How Online Propaganda Radicalizes Foreign Citizens. With Barbara Walter and Gregoire Phillips.
**Paper will be posted soon**
Between 2011 and 2016, the Islamic State successfully convinced tens of thousands of individuals around the world to join its ranks. Many attribute this surge in foreign recruits to the group’s sophisticated internet media campaigns – thousands of propaganda materials that were widely disseminated on the internet. Currently, however, there is very little empirical analysis of what was marketed in ISIS’s propaganda, what messages resonated with potential recruits, and what types of content were more likely to radicalize. This project breaks ground in research on internet propaganda and radicalization in several ways. Using video-as-data object detection and automated audio-to-text transcription algorithms, we uncover recruitment messages in propaganda produced by ISIS between January 1, 2015 and December 31, 2016. We identify the disseminations of these materials in a large dataset of Islamic State sympathizers on Twitter. Employing information on network connections, we find users who were exposed to propaganda, and study how exposure shaped their subsequent online behavior. Our findings show that propaganda content relating to grievances, ideology, and the material and social desires of potential recruits was highly effective at increasing online support for ISIS. Strikingly, however, these messages became largely ineffective when propaganda included violent imagery. These findings suggest that what attracted individuals to ISIS was not the brutal violence that made the group so famous, but the messages in its propaganda that conveyed the material, spiritual, and social benefits of recruitment.
Terrorism as a Stage for Far-Right Mobilization. In progress.
Research on the electoral success of far-right parties has traditionally focused on demand-side explanations such as voters’ economic and cultural grievances or supply-side accounts highlighting political opportunities. So far, however, there has been little research on contexts that facilitate the interaction of the two. I argue that terrorist attacks move both demand and supply in favor of right-wing populism, making aspects of this ideology resonate with the media and other drivers of the social conversation while simultaneously increasing public sympathy for these ideas. I test the impact of terrorism on far-right politicians’ mobilization efforts on social media, as well as public responses to such events, using high-frequency Twitter data collected around over thirty terrorist attacks between 2010–2016 in Europe and the United States. I find that (a) far-right politicians’ rhetoric becomes significantly more xenophobic and anti-Muslim in the aftermath of terrorism, and (b) such messages become more popular among targeted populations even up to a month after the attacks. While these results present short-term dynamics, they nonetheless highlight the importance of incorporating the security dimension into the study of far-right politics.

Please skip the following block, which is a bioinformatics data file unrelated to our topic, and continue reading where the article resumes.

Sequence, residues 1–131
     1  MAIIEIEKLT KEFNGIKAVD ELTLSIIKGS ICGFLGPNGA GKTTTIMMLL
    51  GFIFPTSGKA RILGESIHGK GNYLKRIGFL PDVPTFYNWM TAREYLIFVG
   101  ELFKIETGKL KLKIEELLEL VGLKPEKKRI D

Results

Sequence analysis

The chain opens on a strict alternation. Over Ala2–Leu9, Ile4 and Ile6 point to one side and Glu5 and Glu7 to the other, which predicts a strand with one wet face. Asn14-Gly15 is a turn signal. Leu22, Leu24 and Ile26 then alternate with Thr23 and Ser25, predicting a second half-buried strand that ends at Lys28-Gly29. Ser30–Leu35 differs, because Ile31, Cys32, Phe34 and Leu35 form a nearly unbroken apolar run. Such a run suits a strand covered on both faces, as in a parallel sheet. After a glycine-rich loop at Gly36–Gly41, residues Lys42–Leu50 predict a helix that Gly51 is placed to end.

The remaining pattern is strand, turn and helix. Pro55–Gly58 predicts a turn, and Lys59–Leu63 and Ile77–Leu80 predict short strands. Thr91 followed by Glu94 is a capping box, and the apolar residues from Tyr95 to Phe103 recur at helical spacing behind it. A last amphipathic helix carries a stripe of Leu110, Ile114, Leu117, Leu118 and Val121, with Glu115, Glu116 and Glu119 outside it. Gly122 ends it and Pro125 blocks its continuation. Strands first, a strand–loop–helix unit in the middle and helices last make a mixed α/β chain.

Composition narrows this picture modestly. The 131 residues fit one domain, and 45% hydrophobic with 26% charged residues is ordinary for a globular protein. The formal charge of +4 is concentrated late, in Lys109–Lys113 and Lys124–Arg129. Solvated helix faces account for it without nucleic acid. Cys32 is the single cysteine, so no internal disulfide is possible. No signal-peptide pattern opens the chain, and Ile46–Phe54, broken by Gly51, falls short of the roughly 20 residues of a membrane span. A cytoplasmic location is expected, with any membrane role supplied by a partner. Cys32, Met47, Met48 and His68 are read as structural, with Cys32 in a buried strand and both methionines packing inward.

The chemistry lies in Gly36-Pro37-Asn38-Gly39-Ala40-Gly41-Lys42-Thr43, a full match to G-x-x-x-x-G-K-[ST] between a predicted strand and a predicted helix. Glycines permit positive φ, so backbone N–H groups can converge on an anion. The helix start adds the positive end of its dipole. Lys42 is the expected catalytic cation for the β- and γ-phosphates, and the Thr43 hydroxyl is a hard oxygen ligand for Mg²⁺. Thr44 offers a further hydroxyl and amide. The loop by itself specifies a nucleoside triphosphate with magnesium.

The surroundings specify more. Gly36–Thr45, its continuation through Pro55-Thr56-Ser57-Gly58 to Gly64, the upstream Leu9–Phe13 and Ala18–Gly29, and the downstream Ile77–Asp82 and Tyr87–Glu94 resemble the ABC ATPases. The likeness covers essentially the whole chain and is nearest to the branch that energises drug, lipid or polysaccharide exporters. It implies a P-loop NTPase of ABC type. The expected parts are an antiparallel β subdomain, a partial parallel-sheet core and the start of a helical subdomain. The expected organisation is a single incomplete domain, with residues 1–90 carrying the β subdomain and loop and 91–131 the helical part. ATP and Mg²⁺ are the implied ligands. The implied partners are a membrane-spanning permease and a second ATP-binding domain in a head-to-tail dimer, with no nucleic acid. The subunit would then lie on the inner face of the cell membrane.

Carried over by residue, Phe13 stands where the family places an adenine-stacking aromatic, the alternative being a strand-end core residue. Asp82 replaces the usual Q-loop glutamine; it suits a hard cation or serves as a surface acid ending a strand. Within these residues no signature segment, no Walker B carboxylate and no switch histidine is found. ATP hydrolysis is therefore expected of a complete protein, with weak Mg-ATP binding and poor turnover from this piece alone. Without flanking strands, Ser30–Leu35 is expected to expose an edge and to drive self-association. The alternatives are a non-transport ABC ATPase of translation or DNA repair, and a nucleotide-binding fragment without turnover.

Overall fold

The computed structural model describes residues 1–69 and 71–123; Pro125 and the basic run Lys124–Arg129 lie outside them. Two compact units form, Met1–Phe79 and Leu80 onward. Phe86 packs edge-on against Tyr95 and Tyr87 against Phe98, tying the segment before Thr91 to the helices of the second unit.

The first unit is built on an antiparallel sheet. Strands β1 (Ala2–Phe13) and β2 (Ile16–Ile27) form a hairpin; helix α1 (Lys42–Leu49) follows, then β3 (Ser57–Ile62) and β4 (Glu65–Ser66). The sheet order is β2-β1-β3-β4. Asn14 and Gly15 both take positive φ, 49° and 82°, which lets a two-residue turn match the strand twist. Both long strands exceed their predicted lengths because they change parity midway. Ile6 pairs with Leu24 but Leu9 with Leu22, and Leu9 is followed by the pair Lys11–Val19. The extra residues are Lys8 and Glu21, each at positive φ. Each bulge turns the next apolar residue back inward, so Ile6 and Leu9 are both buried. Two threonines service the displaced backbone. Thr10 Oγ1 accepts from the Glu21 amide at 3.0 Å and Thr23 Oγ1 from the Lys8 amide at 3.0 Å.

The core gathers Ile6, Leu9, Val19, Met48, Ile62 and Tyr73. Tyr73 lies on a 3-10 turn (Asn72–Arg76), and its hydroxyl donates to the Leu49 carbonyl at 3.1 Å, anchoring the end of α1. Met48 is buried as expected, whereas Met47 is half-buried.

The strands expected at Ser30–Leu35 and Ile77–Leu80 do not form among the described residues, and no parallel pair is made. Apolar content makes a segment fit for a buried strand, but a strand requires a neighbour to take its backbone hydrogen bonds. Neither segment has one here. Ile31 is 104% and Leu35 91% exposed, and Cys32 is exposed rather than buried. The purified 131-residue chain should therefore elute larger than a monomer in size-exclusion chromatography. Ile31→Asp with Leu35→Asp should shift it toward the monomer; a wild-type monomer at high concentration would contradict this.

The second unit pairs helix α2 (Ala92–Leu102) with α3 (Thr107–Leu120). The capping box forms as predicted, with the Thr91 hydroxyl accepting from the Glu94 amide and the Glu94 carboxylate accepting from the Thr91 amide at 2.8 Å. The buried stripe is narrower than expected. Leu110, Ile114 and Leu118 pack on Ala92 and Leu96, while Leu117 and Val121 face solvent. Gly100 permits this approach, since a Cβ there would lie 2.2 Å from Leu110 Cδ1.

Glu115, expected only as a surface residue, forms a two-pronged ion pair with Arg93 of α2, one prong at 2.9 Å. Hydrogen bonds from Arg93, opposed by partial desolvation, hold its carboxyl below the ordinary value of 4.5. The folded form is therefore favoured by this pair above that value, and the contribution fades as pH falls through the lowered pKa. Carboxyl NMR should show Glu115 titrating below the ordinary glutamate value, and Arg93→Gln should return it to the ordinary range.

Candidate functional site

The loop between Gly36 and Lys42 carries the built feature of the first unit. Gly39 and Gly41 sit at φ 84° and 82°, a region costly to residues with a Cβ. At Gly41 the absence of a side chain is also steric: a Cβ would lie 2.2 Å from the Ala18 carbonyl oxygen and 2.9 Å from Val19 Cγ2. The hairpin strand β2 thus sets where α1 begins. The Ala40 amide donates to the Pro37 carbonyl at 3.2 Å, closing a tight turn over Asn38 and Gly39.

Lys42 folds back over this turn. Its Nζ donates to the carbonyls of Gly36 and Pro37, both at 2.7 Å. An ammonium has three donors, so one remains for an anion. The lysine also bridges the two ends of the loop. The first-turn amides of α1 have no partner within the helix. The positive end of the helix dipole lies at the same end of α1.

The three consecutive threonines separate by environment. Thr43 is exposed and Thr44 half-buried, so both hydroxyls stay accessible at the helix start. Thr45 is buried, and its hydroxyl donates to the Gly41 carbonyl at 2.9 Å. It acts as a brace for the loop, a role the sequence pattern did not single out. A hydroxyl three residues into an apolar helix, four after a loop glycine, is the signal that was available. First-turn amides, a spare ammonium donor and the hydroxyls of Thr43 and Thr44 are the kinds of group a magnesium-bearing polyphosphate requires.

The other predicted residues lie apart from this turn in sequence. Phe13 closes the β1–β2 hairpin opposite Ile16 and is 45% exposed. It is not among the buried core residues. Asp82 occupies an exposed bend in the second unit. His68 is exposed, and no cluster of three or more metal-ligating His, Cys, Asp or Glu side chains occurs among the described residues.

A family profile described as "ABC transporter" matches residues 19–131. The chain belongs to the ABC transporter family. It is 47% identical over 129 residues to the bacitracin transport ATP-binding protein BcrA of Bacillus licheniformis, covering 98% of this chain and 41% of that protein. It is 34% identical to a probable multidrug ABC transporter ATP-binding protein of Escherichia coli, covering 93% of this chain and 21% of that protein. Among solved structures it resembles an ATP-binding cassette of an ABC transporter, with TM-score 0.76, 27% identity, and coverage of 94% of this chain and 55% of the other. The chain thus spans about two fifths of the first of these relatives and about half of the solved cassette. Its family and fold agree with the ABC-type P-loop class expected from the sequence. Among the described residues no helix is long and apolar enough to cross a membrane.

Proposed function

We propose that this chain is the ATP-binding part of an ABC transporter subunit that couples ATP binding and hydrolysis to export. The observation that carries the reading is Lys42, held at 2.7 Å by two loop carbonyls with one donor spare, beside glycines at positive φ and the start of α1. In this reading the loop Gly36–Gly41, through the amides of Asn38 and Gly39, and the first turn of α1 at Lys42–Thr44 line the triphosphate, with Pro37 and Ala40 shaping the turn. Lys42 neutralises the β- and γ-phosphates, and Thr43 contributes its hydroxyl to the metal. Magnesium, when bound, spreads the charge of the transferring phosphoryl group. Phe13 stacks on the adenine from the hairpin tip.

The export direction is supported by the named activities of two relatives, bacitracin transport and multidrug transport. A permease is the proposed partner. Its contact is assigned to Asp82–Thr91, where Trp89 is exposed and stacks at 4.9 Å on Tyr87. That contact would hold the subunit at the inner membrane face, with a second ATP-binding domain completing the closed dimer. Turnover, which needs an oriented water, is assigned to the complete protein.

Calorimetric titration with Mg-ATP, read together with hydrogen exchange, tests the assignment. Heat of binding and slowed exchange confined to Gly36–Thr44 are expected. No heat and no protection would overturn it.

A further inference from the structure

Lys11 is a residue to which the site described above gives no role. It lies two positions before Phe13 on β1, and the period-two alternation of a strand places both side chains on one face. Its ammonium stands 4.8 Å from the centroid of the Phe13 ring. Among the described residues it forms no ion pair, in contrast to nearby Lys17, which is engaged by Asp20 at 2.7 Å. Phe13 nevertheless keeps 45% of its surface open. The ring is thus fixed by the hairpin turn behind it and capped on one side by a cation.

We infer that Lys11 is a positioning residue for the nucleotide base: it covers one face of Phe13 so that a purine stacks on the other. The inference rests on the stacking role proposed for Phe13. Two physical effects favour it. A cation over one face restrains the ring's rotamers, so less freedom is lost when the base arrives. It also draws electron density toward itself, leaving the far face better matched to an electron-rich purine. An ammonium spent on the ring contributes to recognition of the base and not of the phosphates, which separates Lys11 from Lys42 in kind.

Violent Extremism and Social Media: A New Dataset on Islamic State Supporters on Twitter. In Progress.
The world has witnessed a wave of violent extremism fueled in large part by propaganda disseminated on the Internet. The Islamic State has been one of the most prominent groups to inspire violence and recruit supporters through online means. While online social networks are known to be central to spreading violent extremism, we currently have little systematic data enabling a rigorous micro-level study of the phenomenon. This paper introduces a new geo-located, high-frequency panel dataset on the online behavior of almost two million individuals linked to the Islamic State on Twitter. The dataset includes historical content produced by these individuals, and allows linking online behavior to offline data through information on user geographic locations. These rich data enables testing a large number hypotheses in new and exciting ways.
How Increasing Media Freedom Affects Political Discourse, Knowledge, and Polarization: Tracing the Mechanisms. With Jack Snyder. In progress.
Free news and communications media is one of the central pillars of political life in stable democracies. Without it, citizens would lack the information to evaluate public issues, organize political groups, choose prudently among candidates for office, and hold officials accountable. Consequently, democrats typically take it for granted that increases in media freedom in countries that lack it will contribute to democratization, the enhancement of rights, the rule of law, and social stability. On average, and over the long run, they are certainly correct. In the short run, however, the impact of increased media freedom on these desirable outcomes is much more complex and varied. In this project, we empirically study how increases in media freedom are associated with various democratic outcomes in countries across the world, using micro-level data from multiple survey rounds over time.